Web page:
God’s Geese Flock to the Satterlee Hospital

Sister Gonzaga

Eleanor Donnelly, the “Poet Laureate of the American Catholic Church,” donated our Blessed Mother altar and lived in the parish at 4502 Springfield Ave. She also penned a small tome in 1900, catchily titled: The Life of Sister Mary Gonzaga Grace of the Daughters of Charity of St. Vincent De Paul 1812-1897 – which includes several vivid chapters detailing Sister Gonzaga’s experiences as head nurse at the Satterlee Civil War Hospital, in our neighborhood, decades before our church was founded.

 The Sisters (or Daughters) of Charity was a religious order, founded in Paris in 1633, to aid the poor and the sick. Their traditional clothing was “one of the most conspicuous of Catholic Sisters,” as it included a large, winged cap called a “cornette” — based on traditional peasant clothing when the order was founded. Because of the distinctive cap, the sisters were sometimes referred to as “God’s Geese,” and the hats were a frequent subject of wonder.

Donnelly quotes from Sister Gonzaga’ own journal, to explain how the sisters came to be at Satterlee: “In the twenty-fifth of May, 1862, a requisition was made by Surgeon-General Hammond, through Dr. I. J. Hayes, for twenty-five Sisters of Charity, to nurse the sick and wounded soldiers in the West Philadelphia Hospital — afterwards known as the Satterlee Hospital, in honor of General Satterlee…Dr. Hayes (of Arctic-exploration fame) was appointed Surgeon-in-Charge.” Today, the location of the hospital is described as a “sixteen-acre plot bounded by present-day Baltimore Avenue and Pine, Forty-third, and Forty-sixth Street” with a memorial stone in Clark Park.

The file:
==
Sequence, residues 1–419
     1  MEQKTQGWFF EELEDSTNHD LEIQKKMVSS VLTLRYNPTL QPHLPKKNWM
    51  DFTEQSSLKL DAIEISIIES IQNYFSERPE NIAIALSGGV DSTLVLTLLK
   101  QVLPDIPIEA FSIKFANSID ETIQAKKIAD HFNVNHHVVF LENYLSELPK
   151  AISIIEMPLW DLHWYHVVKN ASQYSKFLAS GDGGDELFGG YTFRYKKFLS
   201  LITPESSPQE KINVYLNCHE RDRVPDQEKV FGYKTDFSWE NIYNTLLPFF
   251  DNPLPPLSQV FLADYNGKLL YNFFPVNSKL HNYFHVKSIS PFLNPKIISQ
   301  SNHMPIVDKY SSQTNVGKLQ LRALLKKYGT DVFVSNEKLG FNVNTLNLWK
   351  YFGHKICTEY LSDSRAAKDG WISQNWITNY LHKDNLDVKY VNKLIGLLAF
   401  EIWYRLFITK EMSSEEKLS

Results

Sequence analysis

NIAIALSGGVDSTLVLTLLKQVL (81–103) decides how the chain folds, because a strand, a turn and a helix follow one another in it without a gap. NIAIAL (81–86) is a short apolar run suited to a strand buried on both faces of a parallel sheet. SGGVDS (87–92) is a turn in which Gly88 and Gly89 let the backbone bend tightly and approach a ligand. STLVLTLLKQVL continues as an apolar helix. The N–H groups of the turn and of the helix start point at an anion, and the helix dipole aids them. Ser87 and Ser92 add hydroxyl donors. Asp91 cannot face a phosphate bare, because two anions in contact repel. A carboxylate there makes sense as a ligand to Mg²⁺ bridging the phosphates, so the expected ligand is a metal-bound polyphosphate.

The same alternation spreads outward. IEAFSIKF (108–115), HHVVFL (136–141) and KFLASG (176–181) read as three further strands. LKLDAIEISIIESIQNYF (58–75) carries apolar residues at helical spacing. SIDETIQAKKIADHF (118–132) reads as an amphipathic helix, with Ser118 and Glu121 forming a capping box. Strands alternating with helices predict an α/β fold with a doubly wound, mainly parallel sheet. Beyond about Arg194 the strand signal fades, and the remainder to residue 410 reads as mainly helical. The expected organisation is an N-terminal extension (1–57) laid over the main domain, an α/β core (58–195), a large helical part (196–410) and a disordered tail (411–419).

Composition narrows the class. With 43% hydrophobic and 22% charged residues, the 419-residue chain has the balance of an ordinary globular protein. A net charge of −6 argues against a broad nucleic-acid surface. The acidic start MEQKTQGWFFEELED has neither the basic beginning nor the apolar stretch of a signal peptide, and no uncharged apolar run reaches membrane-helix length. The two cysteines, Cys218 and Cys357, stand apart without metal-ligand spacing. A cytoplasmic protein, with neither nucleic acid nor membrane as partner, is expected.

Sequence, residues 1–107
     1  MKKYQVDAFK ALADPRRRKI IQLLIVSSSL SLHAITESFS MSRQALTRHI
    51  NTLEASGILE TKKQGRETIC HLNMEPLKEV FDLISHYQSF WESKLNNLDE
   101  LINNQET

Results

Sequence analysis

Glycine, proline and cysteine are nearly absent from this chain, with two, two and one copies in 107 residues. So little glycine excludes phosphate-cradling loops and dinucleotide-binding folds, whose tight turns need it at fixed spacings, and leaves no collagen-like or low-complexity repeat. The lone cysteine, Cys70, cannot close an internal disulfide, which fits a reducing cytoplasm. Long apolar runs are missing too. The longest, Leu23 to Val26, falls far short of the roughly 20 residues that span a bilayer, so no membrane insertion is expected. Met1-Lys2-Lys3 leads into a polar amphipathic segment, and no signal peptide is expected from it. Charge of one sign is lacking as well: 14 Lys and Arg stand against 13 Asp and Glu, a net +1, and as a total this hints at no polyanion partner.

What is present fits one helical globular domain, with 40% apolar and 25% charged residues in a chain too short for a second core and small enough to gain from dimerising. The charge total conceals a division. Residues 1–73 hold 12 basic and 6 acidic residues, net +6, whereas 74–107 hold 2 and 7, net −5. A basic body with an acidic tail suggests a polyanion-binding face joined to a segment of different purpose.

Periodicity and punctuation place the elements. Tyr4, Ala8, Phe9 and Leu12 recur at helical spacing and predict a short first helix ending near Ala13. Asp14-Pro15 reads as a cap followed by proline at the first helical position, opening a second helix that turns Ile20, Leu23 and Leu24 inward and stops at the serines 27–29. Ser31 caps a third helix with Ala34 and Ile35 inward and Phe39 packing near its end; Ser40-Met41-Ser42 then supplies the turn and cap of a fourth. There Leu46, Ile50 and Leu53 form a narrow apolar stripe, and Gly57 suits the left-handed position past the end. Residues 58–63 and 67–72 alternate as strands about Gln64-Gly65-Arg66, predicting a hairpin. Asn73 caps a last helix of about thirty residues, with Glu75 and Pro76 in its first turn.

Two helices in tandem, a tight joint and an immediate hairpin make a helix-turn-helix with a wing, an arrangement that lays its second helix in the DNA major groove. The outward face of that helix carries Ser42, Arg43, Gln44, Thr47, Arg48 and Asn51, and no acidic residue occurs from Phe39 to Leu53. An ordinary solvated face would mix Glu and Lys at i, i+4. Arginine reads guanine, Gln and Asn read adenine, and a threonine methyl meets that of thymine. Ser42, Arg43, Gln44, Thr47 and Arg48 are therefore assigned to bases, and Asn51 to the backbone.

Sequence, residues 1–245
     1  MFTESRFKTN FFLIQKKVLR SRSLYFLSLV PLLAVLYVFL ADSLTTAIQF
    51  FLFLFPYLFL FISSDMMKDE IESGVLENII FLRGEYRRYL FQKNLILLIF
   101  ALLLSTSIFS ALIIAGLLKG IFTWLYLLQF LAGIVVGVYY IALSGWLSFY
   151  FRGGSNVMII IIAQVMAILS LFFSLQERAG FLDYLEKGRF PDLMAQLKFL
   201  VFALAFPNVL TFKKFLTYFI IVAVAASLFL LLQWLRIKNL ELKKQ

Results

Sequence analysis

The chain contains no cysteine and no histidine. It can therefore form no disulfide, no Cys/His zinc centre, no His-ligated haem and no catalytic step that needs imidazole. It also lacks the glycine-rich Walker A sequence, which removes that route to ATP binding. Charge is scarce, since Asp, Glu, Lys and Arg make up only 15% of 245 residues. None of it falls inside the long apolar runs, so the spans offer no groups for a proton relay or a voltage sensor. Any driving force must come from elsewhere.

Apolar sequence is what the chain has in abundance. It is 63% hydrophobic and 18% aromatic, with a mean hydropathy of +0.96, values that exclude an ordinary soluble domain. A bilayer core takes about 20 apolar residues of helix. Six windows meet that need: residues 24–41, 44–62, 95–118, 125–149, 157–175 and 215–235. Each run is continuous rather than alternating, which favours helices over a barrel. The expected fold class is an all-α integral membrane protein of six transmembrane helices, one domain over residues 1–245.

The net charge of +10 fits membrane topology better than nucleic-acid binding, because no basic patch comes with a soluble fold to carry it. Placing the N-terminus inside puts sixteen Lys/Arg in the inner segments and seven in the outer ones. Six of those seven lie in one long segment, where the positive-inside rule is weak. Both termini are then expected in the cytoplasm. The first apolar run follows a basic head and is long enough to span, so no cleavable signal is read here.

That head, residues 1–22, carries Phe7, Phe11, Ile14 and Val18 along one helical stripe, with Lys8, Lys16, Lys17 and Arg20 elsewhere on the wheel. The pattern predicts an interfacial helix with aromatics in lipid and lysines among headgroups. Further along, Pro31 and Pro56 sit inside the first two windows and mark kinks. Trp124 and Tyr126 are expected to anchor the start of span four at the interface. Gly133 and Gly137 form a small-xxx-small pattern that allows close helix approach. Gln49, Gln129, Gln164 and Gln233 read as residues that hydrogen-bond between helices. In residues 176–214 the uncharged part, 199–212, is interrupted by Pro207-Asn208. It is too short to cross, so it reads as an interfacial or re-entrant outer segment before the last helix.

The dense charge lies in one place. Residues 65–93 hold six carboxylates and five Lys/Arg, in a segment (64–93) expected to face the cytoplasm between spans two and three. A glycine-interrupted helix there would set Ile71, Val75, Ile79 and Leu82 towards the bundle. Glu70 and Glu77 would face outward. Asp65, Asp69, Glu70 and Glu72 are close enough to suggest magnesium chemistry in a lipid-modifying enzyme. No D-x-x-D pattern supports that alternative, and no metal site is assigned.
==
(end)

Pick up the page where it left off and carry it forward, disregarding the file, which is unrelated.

Eleanor Donnelly

Sister Gonzaga records that the Sisters were directed to be ready to move in to the still-under-construction hospital by June 9, 1862:

Accordingly, twenty-two Sisters arrived at 10 a. m., on that day. The place was so large that we could not find the entrance. The workmen looked at us in amazement, thinking, perhaps, that we belonged to ‘the flying artillery’ (because of the hats!)  After stepping over bricks and mortar, pipes, etc., we were ushered into an immense ward, while a good Irishman went in search of the Surgeon-in-Charge. He and his staff welcomed us and showed us to our quarters, and desired us to order dinner to suit ourselves. He then showed us through the Hospital, of which but eight wards were finished. The full number, when completed, was thirty-three, each accommodating seventy-five patients comfortably, with his separate table and chair.  Attached to each ward, were two small rooms; one for the chief nurse, the other for the Sisters to keep medicines, little delicacies, etc., at hand. The Hospital grounds covered an area of fifteen acres, giving our sick ample space to rove about and recreate themselves.”

“At 12 pm. we repaired to the kitchen for dinner, and we could not help smiling when we saw the tea served in wash pitchers, and the meat and potatoes in basins. There was neither knife, nor fork, nor spoon. Upon asking for them, the cook answered that he had only four for the officers’ use, but as they did not dine until later, he could lend them to us. We used them in turn. By the time we had finished dinner, we found they were bringing in some sick — about one hundred and fifty. All went to workhttps://archive.org/details/lifeofsistermary00donn to prepare some nourishment for the poor fellows, who looked at us in amazement, not knowing what manner of beings we were” (because of the hats!).

“On the sixteenth of August, over fifteen hundred sick and wounded soldiers were brought to the Hospital, most of them from the battle of Bull Run….The wards being now crowded, tents were erected…” Patients tried to show their appreciation for the Sisters’ tireless patient ministrations: one convalescent, “when ‘on leave,’ — ran all over town, seeking in every millinery shop for a new white cornette such as the Sisters wore (and which he did not know were never purchased in such quarters), to replace the old, and sometimes blood-bespattered bonnet that covered his faithful nurse’s head.”  Donnelly reports that “During the three years which the sisters passed at the Military Hospital of West Philadelphia, they attended over eighty thousand sick or wounded soldiers!”

Herline & Co. Lithographers [1869-70], Public domain, via Wikimedia Commons

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